“Lunch breaks were monitored, chats and emails were monitored. And what’s worse, this company overpaid everybody, so employees ended up in these golden handcuffs, and they couldn’t leave although they hated their jobs. They keep losing people and the CEO won’t listen to feedback – unfortunately, I had to let them go as clients.”
At this point, I asked Lee-Anne if broken cultures have the same characteristics across companies. It turns out that problems, at a high level, are the same most of the time.
“Usually, the vast majority of problems stem from the top,” she explains. “Dysfunction at a high level is spread throughout the executive team. If your leaders are operating in dysfunction it will always trickle down to your employees. That’s why when I go into organizations with existing broken cultures, I interview leadership extensively to see where the impediments lie.”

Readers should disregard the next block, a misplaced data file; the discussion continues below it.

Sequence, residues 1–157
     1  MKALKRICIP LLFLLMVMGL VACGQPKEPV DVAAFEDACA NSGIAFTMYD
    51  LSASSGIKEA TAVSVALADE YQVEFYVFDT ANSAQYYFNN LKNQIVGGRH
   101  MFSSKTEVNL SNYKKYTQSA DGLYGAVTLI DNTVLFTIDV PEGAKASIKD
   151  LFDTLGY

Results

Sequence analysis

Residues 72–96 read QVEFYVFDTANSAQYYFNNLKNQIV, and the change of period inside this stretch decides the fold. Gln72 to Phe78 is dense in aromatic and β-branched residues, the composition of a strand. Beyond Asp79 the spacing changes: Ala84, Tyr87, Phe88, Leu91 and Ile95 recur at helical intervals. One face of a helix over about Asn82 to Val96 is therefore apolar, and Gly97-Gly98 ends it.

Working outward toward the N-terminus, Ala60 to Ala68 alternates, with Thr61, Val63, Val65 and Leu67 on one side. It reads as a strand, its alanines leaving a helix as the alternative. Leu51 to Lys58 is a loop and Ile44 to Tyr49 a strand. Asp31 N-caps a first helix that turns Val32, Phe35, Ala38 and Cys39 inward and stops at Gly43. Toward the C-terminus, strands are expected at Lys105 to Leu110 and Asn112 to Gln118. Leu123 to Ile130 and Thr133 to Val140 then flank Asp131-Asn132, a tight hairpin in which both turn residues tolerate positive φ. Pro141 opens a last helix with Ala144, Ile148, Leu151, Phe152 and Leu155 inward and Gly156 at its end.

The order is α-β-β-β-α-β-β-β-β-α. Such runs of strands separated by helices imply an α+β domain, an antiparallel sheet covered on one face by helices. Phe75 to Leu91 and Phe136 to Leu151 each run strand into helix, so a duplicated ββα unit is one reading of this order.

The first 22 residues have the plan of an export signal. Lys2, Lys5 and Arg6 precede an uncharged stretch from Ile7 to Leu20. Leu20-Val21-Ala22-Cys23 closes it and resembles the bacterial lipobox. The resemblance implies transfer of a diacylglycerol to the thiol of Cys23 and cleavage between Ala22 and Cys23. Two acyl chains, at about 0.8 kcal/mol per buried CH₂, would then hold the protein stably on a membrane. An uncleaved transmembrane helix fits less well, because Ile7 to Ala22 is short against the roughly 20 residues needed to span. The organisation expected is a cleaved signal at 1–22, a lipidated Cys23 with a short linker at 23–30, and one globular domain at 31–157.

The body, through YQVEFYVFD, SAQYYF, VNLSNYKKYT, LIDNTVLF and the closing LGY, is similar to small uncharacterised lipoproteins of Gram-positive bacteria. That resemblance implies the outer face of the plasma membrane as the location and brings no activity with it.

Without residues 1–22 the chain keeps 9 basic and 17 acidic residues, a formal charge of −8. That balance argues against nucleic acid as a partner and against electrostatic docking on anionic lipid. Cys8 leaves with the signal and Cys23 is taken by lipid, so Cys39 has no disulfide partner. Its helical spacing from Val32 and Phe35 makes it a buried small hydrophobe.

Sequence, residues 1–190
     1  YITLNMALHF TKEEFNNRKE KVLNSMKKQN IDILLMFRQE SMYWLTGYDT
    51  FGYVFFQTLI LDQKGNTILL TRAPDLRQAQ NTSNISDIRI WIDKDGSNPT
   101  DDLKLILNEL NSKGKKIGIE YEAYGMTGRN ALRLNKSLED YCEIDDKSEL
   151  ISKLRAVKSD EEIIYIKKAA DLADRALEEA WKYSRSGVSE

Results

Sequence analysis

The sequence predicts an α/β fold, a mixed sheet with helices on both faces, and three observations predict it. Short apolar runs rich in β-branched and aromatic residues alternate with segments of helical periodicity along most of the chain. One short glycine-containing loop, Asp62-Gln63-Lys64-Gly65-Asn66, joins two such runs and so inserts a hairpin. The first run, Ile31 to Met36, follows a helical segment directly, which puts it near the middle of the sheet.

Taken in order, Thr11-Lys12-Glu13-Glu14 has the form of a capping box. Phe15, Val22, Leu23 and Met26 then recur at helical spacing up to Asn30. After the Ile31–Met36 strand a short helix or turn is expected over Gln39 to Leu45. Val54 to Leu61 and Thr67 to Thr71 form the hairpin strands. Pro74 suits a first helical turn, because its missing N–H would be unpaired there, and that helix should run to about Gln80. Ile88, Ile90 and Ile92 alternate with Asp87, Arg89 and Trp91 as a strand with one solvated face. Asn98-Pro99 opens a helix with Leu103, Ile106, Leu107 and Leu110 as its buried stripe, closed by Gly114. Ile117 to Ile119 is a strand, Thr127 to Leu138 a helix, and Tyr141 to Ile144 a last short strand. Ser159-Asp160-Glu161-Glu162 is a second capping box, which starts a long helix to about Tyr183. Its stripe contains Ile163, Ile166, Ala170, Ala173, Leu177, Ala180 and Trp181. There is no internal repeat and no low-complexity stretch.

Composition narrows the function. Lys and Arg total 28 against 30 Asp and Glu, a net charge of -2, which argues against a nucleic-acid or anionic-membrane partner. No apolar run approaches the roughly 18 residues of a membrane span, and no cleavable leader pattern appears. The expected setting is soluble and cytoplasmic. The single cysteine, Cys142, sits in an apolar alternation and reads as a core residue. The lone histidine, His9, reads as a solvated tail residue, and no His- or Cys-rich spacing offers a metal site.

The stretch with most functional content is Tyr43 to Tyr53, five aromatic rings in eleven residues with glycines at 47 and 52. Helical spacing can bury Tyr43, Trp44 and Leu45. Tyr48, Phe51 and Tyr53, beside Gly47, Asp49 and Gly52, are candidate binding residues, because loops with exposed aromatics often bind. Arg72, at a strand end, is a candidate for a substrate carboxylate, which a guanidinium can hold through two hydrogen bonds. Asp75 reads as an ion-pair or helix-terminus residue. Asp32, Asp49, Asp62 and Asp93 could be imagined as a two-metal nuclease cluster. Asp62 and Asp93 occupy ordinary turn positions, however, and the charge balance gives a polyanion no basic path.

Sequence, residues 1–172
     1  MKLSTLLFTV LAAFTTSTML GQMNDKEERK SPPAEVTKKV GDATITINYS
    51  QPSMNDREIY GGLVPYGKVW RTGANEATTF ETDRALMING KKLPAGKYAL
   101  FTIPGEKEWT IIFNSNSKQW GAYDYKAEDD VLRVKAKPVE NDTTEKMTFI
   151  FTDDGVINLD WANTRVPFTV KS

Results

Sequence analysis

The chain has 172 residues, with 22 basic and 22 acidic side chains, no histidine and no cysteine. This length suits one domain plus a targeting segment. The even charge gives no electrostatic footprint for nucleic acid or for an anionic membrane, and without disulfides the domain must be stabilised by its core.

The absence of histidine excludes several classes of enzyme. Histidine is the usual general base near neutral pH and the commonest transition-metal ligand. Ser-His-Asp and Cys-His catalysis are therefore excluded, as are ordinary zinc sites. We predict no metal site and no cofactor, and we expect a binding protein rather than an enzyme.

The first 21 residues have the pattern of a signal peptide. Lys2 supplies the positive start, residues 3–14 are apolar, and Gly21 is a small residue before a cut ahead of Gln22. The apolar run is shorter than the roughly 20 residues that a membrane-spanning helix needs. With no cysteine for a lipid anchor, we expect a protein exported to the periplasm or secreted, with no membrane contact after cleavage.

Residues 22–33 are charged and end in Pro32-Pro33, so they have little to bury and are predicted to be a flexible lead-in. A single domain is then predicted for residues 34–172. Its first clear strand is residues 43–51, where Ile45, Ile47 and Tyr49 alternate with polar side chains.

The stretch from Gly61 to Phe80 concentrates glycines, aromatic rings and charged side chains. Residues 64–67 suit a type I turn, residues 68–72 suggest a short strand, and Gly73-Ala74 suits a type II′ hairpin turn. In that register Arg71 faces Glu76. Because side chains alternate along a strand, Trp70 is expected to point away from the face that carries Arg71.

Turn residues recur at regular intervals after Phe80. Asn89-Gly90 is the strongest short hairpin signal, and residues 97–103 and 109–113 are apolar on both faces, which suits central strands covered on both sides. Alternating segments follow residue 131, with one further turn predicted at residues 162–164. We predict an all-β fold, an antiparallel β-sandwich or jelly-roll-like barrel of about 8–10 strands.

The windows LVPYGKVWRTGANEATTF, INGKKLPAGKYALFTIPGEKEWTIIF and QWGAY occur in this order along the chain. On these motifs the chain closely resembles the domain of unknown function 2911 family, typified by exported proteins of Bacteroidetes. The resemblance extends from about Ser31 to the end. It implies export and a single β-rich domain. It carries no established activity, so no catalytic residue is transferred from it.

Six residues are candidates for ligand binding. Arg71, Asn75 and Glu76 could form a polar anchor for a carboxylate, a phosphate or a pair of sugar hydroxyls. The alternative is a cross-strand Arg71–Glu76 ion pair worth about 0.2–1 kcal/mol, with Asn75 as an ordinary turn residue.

If there’s a problem with leadership, it needs to be fixed before you start recruiting for cultural fit. Most people won’t stand for toxic environments and even if you manage to keep them for a short time, they probably won’t be as productive as they could.
(Re)define your values
Whether your culture is broken, a bit off or brand new, take a moment to think about your values. Lee-Anne suggests that you write down your core values, both as a person and as a company, to “take a temperature check on your culture.” Her book includes questions that you can answer to help you audit your values and workplace, like: “When you wake up in the morning, what excites you most about going to work?”
Take your time to formulate your core values. If possible, pause your recruitment efforts while doing this. “If I were you, I wouldn’t hire a single soul until these values are written down,” says Lee-Anne.
And once you do have core values, you need to tell the world. For example, here at Workable, ‘Come as you are’ is one of our core values and is always featured on our site:
Embark on culture-driven recruiting
Building a culture may be hard, but not as hard as you may think. Lee-Anne offers a step-by-step guide in her book that you can come back to every time you need help. Here’s a sneak peek of the steps you can follow after you define your values:
Build up your employer brand